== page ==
Calum Scott MacLeod
November 15, 1988, Glasgow, Lanarkshire
Cloudy, Highlander, Scot
Right hand Bat
Right arm Medium fast, Right arm Offbreak
Top order Batter
Calum MacLeod won a place in Scottish sport folklore when he struck the century that helped Scotland beat England in a one-day international in Edinburgh in 2018. His 140 not out against a side ranked No 1 in the world in ODIs left England shaken and was regarded in Scotland - and for that matter in many places beyond - as suitable punishment for the ECB which had successfully lobbied for a 10-team World Cup on home soil in 2019 from which Scotland were excluded.
His father (Cricket Scotland's photographer Donald MacLeod) did not even think it was his best Scotland innings, pointing instead to an unbeaten 157 against Afghanistan earlier in the year in a World Cup qualifier in Bulawayo, when he expertly dealt with the talented leg spinner Rashid Khan, liberally employing a sweep shot that he put down to his time spent playing hockey.
Two centuries in succession for MacLeod in January 2014 - a 62-ball 113 against the UAE and 175 against Canada - played a major part in Scotland's qualification for the 2015 World Cup. In many ways MacLeod was a surprising poster boy for Scottish cricket. He has roots in the island of South Uist in the Outer Hebrides, from where his grandfather moved to Glasgow. When he acted as a substitute fielder for England in an Ashes Test in 2009 he became the first Gaelic speaker to appear in a Test - he was once banned from speaking Gaelic on the field because an umpire deemed it unfair to the other players.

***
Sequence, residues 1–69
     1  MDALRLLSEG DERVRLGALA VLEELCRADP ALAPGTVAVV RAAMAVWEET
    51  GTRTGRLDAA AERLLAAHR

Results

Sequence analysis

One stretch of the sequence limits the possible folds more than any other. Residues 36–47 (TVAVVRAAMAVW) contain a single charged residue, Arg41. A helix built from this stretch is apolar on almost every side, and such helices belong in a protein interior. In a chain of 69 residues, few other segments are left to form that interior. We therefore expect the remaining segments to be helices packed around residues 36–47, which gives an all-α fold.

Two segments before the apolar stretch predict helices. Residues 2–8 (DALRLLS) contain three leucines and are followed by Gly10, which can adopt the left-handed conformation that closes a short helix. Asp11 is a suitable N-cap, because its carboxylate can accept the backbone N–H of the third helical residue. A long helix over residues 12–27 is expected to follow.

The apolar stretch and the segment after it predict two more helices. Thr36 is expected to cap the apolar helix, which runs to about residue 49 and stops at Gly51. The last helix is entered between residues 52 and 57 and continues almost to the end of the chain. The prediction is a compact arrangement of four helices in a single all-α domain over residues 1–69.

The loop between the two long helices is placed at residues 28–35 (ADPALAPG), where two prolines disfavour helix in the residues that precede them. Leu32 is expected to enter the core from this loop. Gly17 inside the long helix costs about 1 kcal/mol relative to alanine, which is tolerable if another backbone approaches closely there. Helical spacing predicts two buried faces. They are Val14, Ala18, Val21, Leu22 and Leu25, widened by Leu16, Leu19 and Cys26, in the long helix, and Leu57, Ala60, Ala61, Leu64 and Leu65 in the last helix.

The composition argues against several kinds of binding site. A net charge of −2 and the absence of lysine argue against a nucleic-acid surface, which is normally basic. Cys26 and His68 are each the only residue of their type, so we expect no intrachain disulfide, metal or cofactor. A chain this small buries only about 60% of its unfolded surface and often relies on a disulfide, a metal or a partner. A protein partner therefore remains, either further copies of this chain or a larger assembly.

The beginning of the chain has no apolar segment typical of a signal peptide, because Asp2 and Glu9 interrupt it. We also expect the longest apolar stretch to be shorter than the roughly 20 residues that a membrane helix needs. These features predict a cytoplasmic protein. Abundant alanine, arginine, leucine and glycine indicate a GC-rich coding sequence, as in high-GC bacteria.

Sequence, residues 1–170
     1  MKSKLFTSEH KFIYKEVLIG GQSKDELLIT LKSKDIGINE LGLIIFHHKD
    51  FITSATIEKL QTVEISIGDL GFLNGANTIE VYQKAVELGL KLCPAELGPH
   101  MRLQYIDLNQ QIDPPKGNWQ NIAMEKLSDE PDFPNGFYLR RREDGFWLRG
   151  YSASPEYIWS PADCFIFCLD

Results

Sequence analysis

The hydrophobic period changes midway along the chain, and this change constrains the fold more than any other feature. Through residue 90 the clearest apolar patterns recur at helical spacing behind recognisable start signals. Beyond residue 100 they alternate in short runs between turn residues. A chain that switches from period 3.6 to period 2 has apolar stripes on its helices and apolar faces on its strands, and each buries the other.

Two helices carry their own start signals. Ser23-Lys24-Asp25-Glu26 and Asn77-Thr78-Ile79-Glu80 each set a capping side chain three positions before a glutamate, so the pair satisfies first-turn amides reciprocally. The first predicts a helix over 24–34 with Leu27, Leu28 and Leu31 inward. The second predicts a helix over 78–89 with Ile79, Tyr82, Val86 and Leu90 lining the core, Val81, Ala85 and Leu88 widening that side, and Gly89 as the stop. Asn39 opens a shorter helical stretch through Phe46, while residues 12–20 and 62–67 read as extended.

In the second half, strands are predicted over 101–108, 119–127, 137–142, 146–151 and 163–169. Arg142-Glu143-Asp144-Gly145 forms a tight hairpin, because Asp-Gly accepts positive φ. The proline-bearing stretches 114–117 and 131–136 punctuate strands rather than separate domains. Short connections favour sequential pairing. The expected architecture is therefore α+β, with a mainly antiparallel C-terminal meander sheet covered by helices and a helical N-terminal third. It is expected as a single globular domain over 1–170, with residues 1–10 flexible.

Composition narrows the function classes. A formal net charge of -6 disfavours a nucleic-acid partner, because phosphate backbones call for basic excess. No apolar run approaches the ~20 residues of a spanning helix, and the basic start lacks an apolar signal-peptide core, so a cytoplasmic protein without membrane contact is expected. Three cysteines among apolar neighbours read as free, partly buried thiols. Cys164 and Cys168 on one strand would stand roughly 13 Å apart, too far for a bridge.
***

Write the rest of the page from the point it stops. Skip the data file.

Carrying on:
MacLeod's hopes of forging a county career as a fast bowler fell apart in 2009 when his action was reported by the umpires after an Intercontinental Cup match. Remedial work followed, including sessions with the former South Africa quick Allan Donald, then bowling coach at Warwickshire, but he was released by the county in 2010.
Nevertheless, hours spent watching the preparations of Warwickshire's England duo, Ian Bell and Jonathan Trott, proved to be of benefit. Cricket Scotland had introduced player contracts at the end of 2008, and gradually MacLeod, who had briefly wondered about taking up hockey, surprised everyone by forcing his way into the side as a batsman.
Paul Collingwood, who was added to Scotland's coaching ranks as they qualified for the World Cup, was so impressed that Durham gave him a contract on Collingwood's advice. That was initially just as a T20 player, but MacLeod was swiftly given a permanent contract and ended his first season back in county cricket by winning the Royal London One-Day Cup. Financial cutbacks led to the wothdrawal of his contract in 2016.
It was Derbyshire who called up his T20 services in 2018 following his banishing of the English - he had also been playing in the Kent League - and they benefited from a 58-ball hundred against Northants.
Batting & Fielding